School starts are like the start to a horse race--the bugle calls us to gather at the starting gate, and once the students arrive, we're off for another year's adventure.
Many teachers spend the summer months studying, preparing materials and rethinking the year ahead--they come to school ready for an invigorated year of new learning and student focus.
It can be problematic, however, when teachers begin the year ready to go only to be met with multiple, new initiatives and goals after they've prepped and planned for the year ahead. New initiatives and goals in September often suffocate since the teachers who have the most time-on-task with students have the least time to read, prep and plan for new goals once the year gets started. As roles and responsibilities stand now, classroom teachers' school year time is mainly spent on activating and evaluating learning with regular feedback, student-family-colleague communication, planning and prep.
Hence, what is the best goal setting time line for new initiatives, teacher planning and implementation? As I've noted before, I think it's best time for systems to stay about nine months to a year ahead of the action in the classroom when possible. That means that goal setting and initiatives are being discussed, surveyed and formalized publicly about nine months ahead of implementation lending plenty of time for teachers and others to read about the initiatives, discuss the changes with peers and get ready for change or even begin to try out the changes ahead of the formal initiative start.
Another way to look at this is to implement strategic initiative efforts that take on a beginning-to-end structure that can happen at any time of the year since the initiative steps are created to fit into the teachers' yearly responsibility and effort. For example, if our team were to strategize around the successful implementation of fraction standards related to the common core, we could start with this goal in September. I chose fractions because it is a content area often left to the end of the year thus getting less attention, and it's an area that represents change for our content work at fourth grade. Teachers could get released time in the early year to strengthen their own fraction skill and knowledge, as well as the direct knowledge related to the standards. Then later in the fall, teachers could meet to discuss and plan how they will combine the standards' goals, classroom efforts/resources, visible learning (strategies that promote optimal learning), assessment and RTI to meet and possibly exceed the standards. At the next leg of the initiative, teachers could strategically implement their plans and assessments, meet to review/revise, implement again and then evaluate the overall initiative and create next steps for the effort.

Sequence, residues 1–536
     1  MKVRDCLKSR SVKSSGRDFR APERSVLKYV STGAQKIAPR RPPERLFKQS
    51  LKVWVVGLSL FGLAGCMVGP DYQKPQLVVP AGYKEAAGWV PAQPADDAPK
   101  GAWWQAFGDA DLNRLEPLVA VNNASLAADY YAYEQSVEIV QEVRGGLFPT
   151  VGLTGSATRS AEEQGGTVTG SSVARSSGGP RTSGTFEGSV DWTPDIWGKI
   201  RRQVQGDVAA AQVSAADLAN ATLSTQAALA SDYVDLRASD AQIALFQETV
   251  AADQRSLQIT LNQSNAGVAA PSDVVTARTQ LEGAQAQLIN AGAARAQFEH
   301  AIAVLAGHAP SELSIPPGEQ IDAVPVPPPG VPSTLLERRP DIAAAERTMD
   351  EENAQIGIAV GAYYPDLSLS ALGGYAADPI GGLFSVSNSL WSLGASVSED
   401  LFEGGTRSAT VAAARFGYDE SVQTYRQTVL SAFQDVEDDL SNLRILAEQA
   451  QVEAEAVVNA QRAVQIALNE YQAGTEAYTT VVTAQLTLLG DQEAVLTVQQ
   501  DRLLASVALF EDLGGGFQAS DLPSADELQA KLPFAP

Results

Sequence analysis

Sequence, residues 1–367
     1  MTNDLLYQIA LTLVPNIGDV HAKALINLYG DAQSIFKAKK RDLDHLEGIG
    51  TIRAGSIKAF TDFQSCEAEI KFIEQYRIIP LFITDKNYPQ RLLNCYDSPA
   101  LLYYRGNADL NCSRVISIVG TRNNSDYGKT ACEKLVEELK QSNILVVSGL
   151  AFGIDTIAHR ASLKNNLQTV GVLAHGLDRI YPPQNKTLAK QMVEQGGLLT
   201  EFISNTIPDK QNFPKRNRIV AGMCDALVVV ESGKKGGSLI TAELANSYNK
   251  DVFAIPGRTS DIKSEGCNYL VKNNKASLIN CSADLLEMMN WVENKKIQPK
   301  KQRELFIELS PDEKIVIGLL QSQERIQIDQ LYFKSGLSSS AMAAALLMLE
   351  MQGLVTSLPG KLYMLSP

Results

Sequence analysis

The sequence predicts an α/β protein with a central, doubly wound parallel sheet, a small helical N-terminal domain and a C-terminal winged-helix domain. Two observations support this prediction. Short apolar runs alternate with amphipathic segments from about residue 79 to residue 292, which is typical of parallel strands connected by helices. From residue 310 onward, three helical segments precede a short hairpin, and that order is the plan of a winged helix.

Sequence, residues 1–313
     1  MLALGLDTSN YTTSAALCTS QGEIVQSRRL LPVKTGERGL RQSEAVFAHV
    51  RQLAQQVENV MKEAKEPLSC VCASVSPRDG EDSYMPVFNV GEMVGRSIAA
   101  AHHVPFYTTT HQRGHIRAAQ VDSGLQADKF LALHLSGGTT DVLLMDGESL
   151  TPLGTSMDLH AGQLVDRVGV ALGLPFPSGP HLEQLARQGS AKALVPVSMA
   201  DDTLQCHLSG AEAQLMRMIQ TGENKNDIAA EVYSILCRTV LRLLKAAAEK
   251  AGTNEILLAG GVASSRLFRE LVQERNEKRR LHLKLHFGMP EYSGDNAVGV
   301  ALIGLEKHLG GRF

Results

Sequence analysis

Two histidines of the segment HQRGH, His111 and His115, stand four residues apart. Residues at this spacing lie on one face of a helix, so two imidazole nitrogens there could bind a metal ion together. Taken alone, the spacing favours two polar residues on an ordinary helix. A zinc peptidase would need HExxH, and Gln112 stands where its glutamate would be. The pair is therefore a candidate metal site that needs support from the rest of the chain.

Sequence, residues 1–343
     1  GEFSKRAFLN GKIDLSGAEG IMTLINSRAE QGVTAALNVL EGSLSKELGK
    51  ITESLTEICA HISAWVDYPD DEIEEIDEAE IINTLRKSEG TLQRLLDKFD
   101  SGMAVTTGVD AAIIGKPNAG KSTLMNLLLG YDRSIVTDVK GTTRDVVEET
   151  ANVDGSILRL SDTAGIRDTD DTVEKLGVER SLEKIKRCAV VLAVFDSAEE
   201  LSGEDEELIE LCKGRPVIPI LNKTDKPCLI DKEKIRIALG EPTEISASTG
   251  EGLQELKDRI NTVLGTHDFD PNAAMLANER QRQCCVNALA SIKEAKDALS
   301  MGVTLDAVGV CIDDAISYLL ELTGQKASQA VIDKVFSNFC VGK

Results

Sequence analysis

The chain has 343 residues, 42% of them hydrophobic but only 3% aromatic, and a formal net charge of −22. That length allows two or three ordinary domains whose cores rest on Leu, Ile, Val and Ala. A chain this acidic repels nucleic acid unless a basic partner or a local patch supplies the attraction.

Keeping all educators abreast of initiatives in place, traditions embraced and new ideas on the horizon, can serve to invigorate a school system for best effect and professional endeavor. As I work to prep and plan for the school year ahead, I find myself secretly hoping that I won't be met with too many new initiatives at the start of September that diminish the good work and planning I've done all summer long, yet I'll embrace collaborative initiatives that are on the horizon or woven well into the yearly schedule and expectations so that we continue to develop our collective repertoire to teach children well. I'll let you know what happens.